The Descendants: Playing it too safe

Unlike Sam Mendes, who in films like American Beauty and Revolutionary Road, evokes desperation and makes you uncomfortable, this film is ultimately just floss.

Aakshi Magazine Delhi 

The problem with The Descendants is its sense of politics. The film works when it is talking of sentiments --  love, betrayal and relationships. It doesn’t when it tries to philosophise on colonialism. The title of the film suggests the filmmaker saw this angle as important as the other, but in how it unfolds it never links up with the upheaval happening in the lives of an American family living in Hawaii.  

Matt King (George Clooney) is struggling with myriad problems: his wife has gone into coma after a boat accident, and he has just discovered that she was having an affair. He has to also deal with his two growing daughters, who he doesn't know how to handle. During the same time, he has to make a decision regarding the huge tracts of land that his extended family has inherited from their coloniser ancestors.  

The idea that the survivors of the colonisers who once ruled over Hawaii, have to make a decision today about whether or not to let the new colonisers -- the real estate developers -- take over is interesting. But it is never dealt with clearly enough for you to make sense of it like this. And the idea of inheriting land and its violent history is never there, instead it is even romanticised. This theme seems completely dispensable and you wonder why it is there in the film.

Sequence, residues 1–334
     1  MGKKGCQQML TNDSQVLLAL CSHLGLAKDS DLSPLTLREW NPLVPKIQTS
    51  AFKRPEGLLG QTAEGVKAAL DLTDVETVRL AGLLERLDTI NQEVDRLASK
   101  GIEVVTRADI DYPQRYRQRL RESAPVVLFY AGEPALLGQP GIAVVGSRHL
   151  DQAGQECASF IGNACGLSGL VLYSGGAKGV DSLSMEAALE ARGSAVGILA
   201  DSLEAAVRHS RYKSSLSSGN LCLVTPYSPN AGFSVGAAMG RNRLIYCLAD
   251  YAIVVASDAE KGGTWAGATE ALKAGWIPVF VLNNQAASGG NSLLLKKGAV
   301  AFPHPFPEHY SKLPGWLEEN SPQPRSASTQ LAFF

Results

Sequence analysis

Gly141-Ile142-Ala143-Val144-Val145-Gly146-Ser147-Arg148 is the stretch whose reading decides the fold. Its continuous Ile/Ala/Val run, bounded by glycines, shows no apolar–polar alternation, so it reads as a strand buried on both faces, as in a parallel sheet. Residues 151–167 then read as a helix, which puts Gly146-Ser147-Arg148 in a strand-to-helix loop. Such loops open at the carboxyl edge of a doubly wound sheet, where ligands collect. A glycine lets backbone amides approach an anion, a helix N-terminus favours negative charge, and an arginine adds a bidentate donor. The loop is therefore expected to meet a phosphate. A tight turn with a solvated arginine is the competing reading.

The film handles the wife's infidelity without judgement. And has just the right measure of sentimentality  

The film handles the wife's infidelity without judgement. And has just the right measure of sentimentality -- for instance when the young kid is told that her mother is going to die, the shock and fear on her face is enough, no dialogue is needed. And when the kids are saying their final goodbyes to her, you are thankful that they are only shown going into the mother’s room but what actually transpires is left to the imagination. Clooney acts well -- he is clumsy, awkward, unsure. So do the other actors. What works is the aptness of the casting; you feel they can only be who they are on screen, especially the three kids - the two girls and the boyfriend. 

Unlike a director like Sam Mendes, who in films like American Beauty and Revolutionary Road, evokes desperation and makes you uncomfortable, this film is ultimately just floss. It does not lead you to a place that will make you uncomfortable, or complicate your idea of relationships. That way, director Alexander Payne plays it too safe. 

The film, though, is well made and has a slow charm to it, nonetheless. And Hawaii is shot in a beautiful and evocative manner. But, despite the emotions it evokes, it doesn’t stay with you. You leave the dark of the cinema hall, and it’s gone.